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Stripers Forever members –NOAA Fisheries has posted the updated official estimates of the recreational catch of striped bass to their website. Using this data, we’ve created a graph that displays the recreational catch, both for the entire Atlantic Coast and for Massachusetts only. We’ve singled out Massachusetts because we have filed three bills in this session of the legislature, one of which is a striped bass game fish bill. The recreational catch has fallen by more than 70% since the peak in 2006, and with very few small fish coming into the fishery these numbers will continue to decline. The population of large older fish that make up the bulk of the current striped bass biomass will continue to provide some fishing opportunities for a few years, but unless regulations change to catch and release only, the already reduced spawning potential will be further eroded.

The publicity surrounding the wasteful trawler fishery off the Outer Banks of North Carolina and the criminal gill net fishery in Maryland has caught everyone’s attention these days, and certainly, these are shocking events –although it’s no great secret that activities like this have gone on for many years. Changing those commercial net fisheries to rod and reel harvest only wouldn’t necessarily make the problem go away. For example, in Massachusetts there are nearly 4,000 commercial permit holders to keep an eye on, and nowhere near the enforcement capability available to do it. Less than a third of all commercial permit holders reported catching or selling any fish at all. The desire to not reach the state’s quota too quickly, and to avoid income taxes by selling for cash, are both considerable incentives to hide your actual catch. Just as everyone close to the scene knows that the problems in NC and MD have been going on for years, so too do people in Massachusetts know that the commercial quota there is vastly overachieved. One Massachusetts man was caught last summer fishing in Rhode Island with a false deck in his boat that when opened via a hidden switch, revealed a fish box full of illegally harvested striped bass. Is it likely that this was this man’s first time out, or that he planned to report these fish? We all know the answer to that. We constantly receive e-mails that tell us of the under the table peddling of striped bass to restaurants and fish markets all over Cape Cod.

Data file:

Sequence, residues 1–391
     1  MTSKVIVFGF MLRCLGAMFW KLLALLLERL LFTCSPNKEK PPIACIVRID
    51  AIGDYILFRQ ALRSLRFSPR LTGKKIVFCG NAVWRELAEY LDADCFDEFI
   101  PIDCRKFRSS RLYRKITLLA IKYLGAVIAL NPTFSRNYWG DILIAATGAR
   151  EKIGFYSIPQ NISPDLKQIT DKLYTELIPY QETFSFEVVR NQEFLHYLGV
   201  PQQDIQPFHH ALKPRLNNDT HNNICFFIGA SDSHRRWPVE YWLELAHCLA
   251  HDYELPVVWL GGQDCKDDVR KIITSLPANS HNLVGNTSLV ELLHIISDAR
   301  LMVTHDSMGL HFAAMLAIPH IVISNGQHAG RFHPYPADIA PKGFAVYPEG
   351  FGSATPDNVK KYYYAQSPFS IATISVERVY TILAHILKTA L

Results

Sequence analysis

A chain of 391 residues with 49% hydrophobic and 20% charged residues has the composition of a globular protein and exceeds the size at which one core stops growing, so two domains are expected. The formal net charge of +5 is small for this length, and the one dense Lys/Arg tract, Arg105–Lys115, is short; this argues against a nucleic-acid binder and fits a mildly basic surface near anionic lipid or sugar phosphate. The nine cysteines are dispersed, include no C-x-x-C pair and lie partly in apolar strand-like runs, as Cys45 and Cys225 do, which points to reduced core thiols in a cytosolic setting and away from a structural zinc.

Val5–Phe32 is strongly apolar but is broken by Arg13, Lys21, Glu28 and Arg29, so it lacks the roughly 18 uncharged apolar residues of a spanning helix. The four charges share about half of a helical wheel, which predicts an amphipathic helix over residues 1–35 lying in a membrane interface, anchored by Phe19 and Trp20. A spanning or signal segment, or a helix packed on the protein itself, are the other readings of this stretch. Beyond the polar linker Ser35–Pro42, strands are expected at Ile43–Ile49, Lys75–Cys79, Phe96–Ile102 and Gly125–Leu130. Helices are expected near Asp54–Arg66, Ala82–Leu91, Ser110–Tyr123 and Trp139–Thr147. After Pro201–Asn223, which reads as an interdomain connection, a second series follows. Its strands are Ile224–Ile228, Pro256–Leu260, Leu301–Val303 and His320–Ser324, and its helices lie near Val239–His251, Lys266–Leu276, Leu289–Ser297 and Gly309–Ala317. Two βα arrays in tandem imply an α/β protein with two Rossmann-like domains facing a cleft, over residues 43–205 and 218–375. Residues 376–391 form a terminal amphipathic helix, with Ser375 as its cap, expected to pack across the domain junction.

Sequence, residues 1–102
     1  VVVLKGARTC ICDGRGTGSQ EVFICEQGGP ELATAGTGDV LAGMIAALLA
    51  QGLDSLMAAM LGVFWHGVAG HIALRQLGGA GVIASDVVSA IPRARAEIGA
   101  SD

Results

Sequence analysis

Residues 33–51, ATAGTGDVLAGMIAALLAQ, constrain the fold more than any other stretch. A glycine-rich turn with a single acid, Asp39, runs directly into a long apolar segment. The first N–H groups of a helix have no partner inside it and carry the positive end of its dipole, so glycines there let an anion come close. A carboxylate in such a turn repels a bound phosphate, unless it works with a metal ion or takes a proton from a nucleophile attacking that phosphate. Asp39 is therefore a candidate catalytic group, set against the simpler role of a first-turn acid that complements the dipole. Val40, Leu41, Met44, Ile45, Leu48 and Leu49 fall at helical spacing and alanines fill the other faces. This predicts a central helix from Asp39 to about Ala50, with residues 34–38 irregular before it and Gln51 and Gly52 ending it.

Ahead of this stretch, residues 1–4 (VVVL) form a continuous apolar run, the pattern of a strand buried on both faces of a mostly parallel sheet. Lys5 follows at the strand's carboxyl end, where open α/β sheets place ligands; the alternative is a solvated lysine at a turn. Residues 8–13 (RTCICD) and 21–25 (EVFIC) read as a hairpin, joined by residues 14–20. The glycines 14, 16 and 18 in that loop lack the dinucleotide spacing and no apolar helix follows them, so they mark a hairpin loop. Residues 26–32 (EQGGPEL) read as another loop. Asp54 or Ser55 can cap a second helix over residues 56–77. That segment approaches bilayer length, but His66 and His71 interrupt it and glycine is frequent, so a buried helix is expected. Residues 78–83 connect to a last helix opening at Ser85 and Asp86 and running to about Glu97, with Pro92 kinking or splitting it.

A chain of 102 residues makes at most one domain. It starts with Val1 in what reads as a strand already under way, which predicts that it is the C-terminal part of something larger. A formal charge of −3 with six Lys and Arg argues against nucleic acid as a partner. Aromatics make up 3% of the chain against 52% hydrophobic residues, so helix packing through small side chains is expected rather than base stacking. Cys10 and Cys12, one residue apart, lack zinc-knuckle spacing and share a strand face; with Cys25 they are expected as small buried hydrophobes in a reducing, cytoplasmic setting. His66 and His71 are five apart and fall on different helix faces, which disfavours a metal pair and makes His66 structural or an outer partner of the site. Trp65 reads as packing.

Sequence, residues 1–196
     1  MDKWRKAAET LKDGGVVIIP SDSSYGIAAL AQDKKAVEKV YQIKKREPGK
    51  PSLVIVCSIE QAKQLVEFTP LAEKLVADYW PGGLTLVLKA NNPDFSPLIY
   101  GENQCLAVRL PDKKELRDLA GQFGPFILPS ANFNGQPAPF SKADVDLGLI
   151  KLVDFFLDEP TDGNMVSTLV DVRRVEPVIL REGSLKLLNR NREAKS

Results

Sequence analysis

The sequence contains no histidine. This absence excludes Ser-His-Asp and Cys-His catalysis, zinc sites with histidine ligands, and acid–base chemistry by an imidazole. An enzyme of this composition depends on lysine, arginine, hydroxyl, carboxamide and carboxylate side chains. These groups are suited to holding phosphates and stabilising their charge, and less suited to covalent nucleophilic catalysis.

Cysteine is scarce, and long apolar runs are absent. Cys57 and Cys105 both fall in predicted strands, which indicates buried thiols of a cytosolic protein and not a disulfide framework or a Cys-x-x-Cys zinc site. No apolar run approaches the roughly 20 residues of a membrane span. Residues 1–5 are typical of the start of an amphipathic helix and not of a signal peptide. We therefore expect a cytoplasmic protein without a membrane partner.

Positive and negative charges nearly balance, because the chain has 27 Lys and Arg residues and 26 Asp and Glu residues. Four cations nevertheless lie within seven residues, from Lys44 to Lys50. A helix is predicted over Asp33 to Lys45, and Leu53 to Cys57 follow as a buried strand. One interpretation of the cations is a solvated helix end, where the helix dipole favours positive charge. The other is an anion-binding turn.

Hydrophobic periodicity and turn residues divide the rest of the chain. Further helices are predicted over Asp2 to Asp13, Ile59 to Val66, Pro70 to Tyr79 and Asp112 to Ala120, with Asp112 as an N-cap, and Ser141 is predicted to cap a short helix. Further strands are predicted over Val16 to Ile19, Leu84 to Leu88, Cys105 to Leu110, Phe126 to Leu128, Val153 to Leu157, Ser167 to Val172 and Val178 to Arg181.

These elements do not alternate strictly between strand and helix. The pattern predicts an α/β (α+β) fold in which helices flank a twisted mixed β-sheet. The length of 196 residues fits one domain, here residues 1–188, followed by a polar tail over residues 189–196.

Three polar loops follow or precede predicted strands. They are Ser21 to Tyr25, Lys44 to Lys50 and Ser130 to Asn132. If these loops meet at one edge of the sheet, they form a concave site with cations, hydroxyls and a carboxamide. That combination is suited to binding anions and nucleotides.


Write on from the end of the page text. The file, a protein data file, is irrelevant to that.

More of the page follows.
No amount of rules or enforcement effort is going to stop this once great fishery from being degraded by commercial fishing both legal and illegal. Nothing will do the job except for the outright prohibition of the sale of wild striped bass. We need to cut back the recreational catch too, perhaps drastically at this point. Once striped bass have been made a game fish we can charge the ASMFC with setting targets that will put striped bass back on the track they were following in the late 1990s. Nothing less than this is going to work, and the longer we wait the deeper the hole is going to get.

Brad Burns President of Stripers Forever

To see the latest recreational catch statistics and graph follow this link to the SF website.
 

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Thanks for the information. We need change NOW! Stripers are one of my favorite fish and the species that got me hooked on fishing when I caught my first fish at the James River Bridge. North Carolina HAS to get rid of the nets and begin managing the fishery!
 

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Capt Skid,

Stripers Forever provides a lot of great information about the coastal stock of stripers and they work hard for the stripers. I would like suggest everyone should show their support for this organization and sign up. They are also a member of the Menhaden Coalition. I support Brad's efforts! Kuddos for posting this! :thumbup::thumbup::thumbup:

Kevin
Weekend Mistress

NO BAIT = NO FISH = NO FISHERMEN
 
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